Dominica did not give these countries actual cash. As a matter of FACT Dominica does not have that amount of money in the ECCB readily available. What happened is that the Minister of Finance gave written consent for these sister countries to utilise a portion of its CREDIT Allocation to borrow from the ECCB.

    The Prime Minister was talking off the cuff and may have given the wrong impression. Had a prepared speech been written, the correct technical jargon would have been used.

    The PM is not at all incorrect in stating that Dominica assisted these sister countries, but may have used the wrong technical jargon while talking off the cuff.

    I do hope you could post this explanation prominently and let us put this thing to rest.

    Thanks very much.

    ----- ends -----

    So we are to believe that Skerrit doesn't understand the different between "we gave Anguilla the cash" and "we let Anguilla use some of our unused credit"? This is "technical jargon," which only economists with PhDs could possibly understand?

    This is the kind of logic we have dome to expect from "APP Press" and "Realist Spikenice," not the Prime Minister of the Commonwealth of Dominica.


    I hope you understand the statement made by the Senior Officer in the Ministry of Finance in Dominica.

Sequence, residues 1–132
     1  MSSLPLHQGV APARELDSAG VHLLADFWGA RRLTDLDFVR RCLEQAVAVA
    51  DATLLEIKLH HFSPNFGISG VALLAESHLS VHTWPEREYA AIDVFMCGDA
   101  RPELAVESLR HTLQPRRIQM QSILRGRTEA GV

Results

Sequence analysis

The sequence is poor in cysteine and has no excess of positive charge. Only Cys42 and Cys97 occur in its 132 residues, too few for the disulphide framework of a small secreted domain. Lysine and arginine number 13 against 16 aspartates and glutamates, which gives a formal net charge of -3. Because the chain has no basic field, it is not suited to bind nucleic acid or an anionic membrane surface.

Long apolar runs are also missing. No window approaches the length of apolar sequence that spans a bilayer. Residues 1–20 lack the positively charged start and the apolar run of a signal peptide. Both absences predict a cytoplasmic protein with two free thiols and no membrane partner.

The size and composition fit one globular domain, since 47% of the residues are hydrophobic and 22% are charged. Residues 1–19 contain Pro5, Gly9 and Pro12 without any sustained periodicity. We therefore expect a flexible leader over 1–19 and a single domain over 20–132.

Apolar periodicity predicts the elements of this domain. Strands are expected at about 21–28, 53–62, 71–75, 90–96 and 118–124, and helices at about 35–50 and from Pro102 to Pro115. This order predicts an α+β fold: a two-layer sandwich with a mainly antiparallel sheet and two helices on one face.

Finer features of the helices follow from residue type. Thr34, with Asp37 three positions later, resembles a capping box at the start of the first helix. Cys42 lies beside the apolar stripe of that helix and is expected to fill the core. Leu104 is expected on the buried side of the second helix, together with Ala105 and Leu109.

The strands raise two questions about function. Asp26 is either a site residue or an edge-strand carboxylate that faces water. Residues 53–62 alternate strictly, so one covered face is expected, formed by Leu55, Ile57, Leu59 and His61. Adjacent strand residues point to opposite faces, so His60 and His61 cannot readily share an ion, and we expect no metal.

However, I am a Dominican residing or living in Anguilla and do not quiet understand why Mr. Don Mitchell should slate Dominica as one of the poorest country in the Commonwealth Caribbean. Before Mr. Mitchell makes such statements, he needs to get the facts, listen and learn, apply wisdom, knowledge and understanding and then begin to write.

    Dominica (nature island) has all the natural resources needed to sustain life on earth, what else does one need to be rich? I think Mr. Mitchell needs to retract, amend accordingly and repost his comments. The millions mentioned in his statement is a joke to the richness of Dominica natural resources.

    What we have supplied Anguilla and other islands in the region worth billions within a short period. Therefore, I am of the opinion that we are the richest country in the Commonwealth Caribbean.

    Thanks from a concerned Dominican.

  8. Anguillans think they can stand on their own..
    Can they?
    Proud set of people!

  9. According to this chart by UNESCO, on page 45:
    next to St. Vincent, Dominica is the poorest country in the Eastern Caribbean. My attitude, or Don's, doesn't change this fact.

  10. well.. am sorry for all you ignorant people